Concern over US troop withdrawal from Afghanistan

On the orders of President Trump, the US will further reduce its military presence in Afghanistan from around 4,500 to 2,500 soldiers by mid-January 2021. Another fifth of the US troops stationed in Iraq are also to be pulled out of the country. This will have disastrous results for the region and put US military cooperation with Europe to the test again, commentators write.

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Deutschlandfunk (DE) /

A triple disaster

The withdrawal will cause considerable collateral damage, Deutschlandfunk fears:

“Military, diplomatic and political damage. Military, because the entire Afghanistan mission is being called into question. The security of the international troops in Afghanistan is at risk. ... Diplomatically, the decision is a disaster because it will condemn the negotiations with the Taliban to failure. They will no longer feel bound by agreements when there is no longer a credible threat. ... Politically, Trump's unilateral move is a massive security risk. Iran and Russia will quickly fill the vacuum in Iraq. And Afghanistan could once again become a hub of Islamist terror.”

Hospodářské noviny (CZ) /

This will rock the international alliance

Hospodářské noviny also fears the withdrawal will cause major damage:

“Trump appears to be keeping one of his key election promises. The reality, however, is that wherever soldiers have withdrawn, someone else has begun to fill the power vacuum. ... And besides: what about the allies in Europe who have sent their troops on joint missions in which American support is of crucial importance? What are they to think? They're now faced with a fait accompli. The credibility of an alliance stands and falls with the principle 'We go together and we leave together'.”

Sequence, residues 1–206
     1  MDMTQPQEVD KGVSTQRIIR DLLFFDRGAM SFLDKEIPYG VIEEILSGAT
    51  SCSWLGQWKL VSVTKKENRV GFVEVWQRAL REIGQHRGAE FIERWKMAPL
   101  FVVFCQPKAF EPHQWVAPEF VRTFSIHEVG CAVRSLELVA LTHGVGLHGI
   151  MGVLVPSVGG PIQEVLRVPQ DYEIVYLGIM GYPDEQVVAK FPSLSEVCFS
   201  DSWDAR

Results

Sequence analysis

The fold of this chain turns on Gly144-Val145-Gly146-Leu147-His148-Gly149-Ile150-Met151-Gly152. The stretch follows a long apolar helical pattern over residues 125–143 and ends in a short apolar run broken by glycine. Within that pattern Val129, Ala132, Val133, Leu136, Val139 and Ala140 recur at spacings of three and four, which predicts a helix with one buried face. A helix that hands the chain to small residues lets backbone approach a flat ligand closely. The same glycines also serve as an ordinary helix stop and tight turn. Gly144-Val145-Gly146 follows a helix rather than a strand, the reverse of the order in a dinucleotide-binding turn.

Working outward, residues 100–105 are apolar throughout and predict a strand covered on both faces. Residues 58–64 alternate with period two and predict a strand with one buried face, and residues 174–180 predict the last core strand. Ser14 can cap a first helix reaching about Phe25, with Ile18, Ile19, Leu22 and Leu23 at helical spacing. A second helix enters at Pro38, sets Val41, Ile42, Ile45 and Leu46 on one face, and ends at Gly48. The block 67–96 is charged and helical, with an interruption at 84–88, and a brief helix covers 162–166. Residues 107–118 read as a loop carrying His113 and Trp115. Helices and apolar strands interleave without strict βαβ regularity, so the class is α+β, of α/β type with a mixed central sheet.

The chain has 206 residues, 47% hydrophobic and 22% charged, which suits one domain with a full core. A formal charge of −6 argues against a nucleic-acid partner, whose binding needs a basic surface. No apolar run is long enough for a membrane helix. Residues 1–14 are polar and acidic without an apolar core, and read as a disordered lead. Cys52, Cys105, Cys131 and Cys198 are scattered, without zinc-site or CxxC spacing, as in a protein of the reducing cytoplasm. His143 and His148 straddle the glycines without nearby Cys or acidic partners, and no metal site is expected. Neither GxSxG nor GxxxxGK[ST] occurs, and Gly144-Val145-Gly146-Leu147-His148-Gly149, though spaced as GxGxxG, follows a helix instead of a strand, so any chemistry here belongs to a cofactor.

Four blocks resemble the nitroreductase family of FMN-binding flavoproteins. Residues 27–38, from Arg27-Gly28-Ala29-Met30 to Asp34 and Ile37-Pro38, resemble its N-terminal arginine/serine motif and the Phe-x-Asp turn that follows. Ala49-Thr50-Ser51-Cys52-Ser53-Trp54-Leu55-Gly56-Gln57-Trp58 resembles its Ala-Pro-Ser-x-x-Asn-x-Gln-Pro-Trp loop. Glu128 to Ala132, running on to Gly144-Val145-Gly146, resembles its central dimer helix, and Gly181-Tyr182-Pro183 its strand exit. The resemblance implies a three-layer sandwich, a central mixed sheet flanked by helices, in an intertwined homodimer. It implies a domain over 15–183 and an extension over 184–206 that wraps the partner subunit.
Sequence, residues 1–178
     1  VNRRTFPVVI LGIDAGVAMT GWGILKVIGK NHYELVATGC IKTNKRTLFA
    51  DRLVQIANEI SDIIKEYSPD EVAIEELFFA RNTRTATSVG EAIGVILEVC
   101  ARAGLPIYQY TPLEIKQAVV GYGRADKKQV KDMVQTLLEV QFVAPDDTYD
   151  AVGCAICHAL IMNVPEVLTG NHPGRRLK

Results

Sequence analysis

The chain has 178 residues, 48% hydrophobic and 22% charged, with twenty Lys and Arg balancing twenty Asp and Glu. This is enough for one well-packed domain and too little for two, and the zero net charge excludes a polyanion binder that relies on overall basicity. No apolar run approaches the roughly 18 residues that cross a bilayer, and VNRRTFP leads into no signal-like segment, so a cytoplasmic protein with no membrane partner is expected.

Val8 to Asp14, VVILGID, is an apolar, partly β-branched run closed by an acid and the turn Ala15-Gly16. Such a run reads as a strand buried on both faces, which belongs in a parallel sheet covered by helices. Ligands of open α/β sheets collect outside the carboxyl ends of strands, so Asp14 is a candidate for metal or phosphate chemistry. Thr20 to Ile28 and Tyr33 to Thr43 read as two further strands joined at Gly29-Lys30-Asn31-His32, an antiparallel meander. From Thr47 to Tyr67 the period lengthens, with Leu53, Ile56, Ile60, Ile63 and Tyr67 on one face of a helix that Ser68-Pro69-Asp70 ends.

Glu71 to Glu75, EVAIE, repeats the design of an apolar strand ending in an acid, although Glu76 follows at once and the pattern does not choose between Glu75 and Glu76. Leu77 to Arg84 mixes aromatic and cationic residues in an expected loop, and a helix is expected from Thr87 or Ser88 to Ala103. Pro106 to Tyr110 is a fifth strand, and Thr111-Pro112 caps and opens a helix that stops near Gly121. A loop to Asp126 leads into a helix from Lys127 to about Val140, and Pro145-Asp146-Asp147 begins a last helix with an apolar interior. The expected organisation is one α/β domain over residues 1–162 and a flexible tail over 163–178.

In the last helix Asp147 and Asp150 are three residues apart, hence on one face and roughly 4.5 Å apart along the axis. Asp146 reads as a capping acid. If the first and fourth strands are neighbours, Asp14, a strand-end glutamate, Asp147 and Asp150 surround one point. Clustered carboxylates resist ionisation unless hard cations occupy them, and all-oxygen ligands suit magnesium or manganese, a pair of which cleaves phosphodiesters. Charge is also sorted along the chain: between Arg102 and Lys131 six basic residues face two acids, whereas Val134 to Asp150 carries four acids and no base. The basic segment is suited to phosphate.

Der Standard (AT) /

The Taliban will be happy

The US president is giving carte blanche to the Islamist ex-rulers, writes Der Standard:

“Nine months ago, the US government struck a controversial deal with the Afghan Taliban, whom they had toppled in the autumn/winter of 2001: the US would withdraw from Afghanistan if the Taliban agreed to power-sharing in negotiations with the Afghan government and ensured that transnational jihadist groups such as al-Qaeda and 'Islamic State' were kept out. In the end, these negotiations went badly and the violence emanating from the Taliban increased again. This answers the question of who will benefit from the withdrawal of the US troops. The Taliban now know that the US is pulling out regardless of whether there is serious power-sharing among the various political, religious and ethnic forces in Afghanistan.”

La Repubblica (IT) /

Little hope of a European answer

Brussels could use the current situation to present its own defence policy within Nato if it weren't for the renewed discord, laments deputy editor-in-chief Gianluca Di Feo in La Repubblica:

“European units could replace the US units in Afghanistan, with the focus always on training local troops and guaranteeing a peaceful transition for the country. That would be an approach that corresponds to the vision that German Defence Minister Annegret Kramp-Karrenbauer presented in her speech to Bundeswehr cadets two weeks ago. However, Paris, which with President Macron's intervention a few days ago expressed its will to strengthen the EU's military capabilities, does not seem to agree. For France, the priority is in the Sahel, the African region in which the Islamist guerrilla war is spreading and threatening to pose a danger to Europe.”